WO1999049064A2 - Plant control genes - Google Patents

Plant control genes Download PDF

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Publication number
WO1999049064A2
WO1999049064A2 PCT/NZ1999/000033 NZ9900033W WO9949064A2 WO 1999049064 A2 WO1999049064 A2 WO 1999049064A2 NZ 9900033 W NZ9900033 W NZ 9900033W WO 9949064 A2 WO9949064 A2 WO 9949064A2
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Prior art keywords
gi
nucleic acid
plant
gene
flowering
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PCT/NZ1999/000033
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French (fr)
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WO1999049064A3 (en
Inventor
George Michael Coupland
Joanna Jean Putterill
Sarah George Fowler
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Plant Bioscience Limited
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Priority to NZ330020 priority
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Publication of WO1999049064A2 publication Critical patent/WO1999049064A2/en
Publication of WO1999049064A3 publication Critical patent/WO1999049064A3/en

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    • CCHEMISTRY; METALLURGY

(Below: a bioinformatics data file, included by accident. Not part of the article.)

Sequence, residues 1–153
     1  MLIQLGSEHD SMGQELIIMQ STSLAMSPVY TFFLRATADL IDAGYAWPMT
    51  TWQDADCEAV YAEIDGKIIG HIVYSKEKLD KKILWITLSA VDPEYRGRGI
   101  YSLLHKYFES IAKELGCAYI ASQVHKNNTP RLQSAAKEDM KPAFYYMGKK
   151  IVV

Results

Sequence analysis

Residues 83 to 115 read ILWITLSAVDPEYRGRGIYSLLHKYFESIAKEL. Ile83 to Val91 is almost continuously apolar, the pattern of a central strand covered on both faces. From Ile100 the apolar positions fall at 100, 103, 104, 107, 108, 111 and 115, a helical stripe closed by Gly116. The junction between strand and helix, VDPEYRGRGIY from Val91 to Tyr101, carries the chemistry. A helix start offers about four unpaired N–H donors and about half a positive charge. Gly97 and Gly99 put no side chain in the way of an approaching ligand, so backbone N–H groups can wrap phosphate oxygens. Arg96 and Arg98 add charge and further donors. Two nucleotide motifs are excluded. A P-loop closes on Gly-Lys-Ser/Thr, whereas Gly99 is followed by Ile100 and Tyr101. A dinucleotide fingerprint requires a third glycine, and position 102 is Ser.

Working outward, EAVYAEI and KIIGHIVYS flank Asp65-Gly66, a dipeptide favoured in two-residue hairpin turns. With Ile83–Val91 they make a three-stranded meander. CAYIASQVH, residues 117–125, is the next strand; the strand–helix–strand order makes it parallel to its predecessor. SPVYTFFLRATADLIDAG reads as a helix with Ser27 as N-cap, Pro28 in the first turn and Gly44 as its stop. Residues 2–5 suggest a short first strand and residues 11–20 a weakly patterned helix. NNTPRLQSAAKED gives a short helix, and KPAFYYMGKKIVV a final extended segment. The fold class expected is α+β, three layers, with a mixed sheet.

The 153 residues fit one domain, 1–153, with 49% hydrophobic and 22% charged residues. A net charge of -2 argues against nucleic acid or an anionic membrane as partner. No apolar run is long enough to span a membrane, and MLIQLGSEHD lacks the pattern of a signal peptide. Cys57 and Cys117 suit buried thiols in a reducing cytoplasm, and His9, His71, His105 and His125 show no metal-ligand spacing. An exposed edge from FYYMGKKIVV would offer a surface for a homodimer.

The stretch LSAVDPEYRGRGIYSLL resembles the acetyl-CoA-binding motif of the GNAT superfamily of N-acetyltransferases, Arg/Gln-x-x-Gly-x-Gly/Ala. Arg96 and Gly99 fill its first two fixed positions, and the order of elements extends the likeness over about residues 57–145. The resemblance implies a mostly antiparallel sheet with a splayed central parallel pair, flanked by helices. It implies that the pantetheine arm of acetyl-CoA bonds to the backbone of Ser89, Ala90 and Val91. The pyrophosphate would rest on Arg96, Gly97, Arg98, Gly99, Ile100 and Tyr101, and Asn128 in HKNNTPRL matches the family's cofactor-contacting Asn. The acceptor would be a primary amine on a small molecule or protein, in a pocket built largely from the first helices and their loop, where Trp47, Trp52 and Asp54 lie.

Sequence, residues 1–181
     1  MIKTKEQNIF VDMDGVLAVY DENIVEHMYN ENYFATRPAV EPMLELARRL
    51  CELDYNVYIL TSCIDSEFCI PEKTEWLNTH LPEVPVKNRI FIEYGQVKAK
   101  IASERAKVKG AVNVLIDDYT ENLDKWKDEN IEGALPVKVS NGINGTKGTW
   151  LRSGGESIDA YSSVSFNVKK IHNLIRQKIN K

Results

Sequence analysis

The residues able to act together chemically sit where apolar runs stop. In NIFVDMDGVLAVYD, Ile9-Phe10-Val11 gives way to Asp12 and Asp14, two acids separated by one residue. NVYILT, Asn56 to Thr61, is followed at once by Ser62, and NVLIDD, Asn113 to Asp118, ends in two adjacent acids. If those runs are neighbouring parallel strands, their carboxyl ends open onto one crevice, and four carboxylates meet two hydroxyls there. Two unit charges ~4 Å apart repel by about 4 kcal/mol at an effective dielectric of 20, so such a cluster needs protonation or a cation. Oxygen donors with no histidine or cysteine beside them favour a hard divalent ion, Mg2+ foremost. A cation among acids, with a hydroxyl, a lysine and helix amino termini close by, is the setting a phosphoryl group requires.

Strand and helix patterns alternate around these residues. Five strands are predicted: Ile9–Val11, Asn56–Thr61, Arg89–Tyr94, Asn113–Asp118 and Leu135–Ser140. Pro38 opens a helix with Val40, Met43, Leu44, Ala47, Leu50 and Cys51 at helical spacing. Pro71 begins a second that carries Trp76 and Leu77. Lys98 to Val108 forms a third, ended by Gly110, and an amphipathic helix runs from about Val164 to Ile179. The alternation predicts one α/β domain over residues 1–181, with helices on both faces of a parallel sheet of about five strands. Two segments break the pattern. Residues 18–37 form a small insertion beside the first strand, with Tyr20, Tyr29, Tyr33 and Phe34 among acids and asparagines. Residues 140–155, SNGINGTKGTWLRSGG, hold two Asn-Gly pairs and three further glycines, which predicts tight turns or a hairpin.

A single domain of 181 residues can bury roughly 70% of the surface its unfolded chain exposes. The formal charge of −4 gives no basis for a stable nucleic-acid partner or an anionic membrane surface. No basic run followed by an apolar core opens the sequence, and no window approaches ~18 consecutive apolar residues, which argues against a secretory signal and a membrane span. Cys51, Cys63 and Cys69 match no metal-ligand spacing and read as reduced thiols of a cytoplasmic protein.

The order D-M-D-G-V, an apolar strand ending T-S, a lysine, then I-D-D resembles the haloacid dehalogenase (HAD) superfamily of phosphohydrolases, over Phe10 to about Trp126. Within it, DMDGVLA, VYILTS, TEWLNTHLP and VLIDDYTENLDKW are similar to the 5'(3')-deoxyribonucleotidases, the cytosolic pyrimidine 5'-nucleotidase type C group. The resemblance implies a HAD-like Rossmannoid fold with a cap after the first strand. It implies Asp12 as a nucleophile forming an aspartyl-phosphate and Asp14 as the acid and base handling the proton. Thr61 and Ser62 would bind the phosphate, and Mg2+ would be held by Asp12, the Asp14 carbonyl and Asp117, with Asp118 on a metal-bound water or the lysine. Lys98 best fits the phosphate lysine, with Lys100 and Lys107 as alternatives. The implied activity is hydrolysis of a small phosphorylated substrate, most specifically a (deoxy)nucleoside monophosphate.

• C07ORGANIC CHEMISTRY
    • C07KPEPTIDES
    • C07K14/00Peptides having more than 20 amino acids; Gastrins; Somatostatins; Melanotropins; Derivatives thereof
    • C07K14/415Peptides having more than 20 amino acids; Gastrins; Somatostatins; Melanotropins; Derivatives thereof from plants
    • CCHEMISTRY; METALLURGY
    • C12BIOCHEMISTRY; BEER; SPIRITS; WINE; VINEGAR; MICROBIOLOGY; ENZYMOLOGY; MUTATION OR GENETIC ENGINEERING
    • C12NMICROORGANISMS OR ENZYMES; COMPOSITIONS THEREOF; PROPAGATING, PRESERVING OR MAINTAINING MICROORGANISMS; MUTATION OR GENETIC ENGINEERING; CULTURE MEDIA
    • C12N15/00Mutation or genetic engineering; DNA or RNA concerning genetic engineering, vectors, e.g. plasmids, or their isolation, preparation or purification; Use of hosts therefor
    • C12N15/09Recombinant DNA-technology
    • C12N15/63Introduction of foreign genetic material using vectors; Vectors; Use of hosts therefor; Regulation of expression
    • C12N15/79Vectors or expression systems specially adapted for eukaryotic hosts
    • C12N15/82Vectors or expression systems specially adapted for eukaryotic hosts for plant cells, e.g. plant artificial chromosomes (PACs)
    • C12N15/8241Phenotypically and genetically modified plants via recombinant DNA technology
    • C12N15/8261Phenotypically and genetically modified plants via recombinant DNA technology with agronomic (input) traits, e.g. crop yield
    • C12N15/8262Phenotypically and genetically modified plants via recombinant DNA technology with agronomic (input) traits, e.g. crop yield involving plant development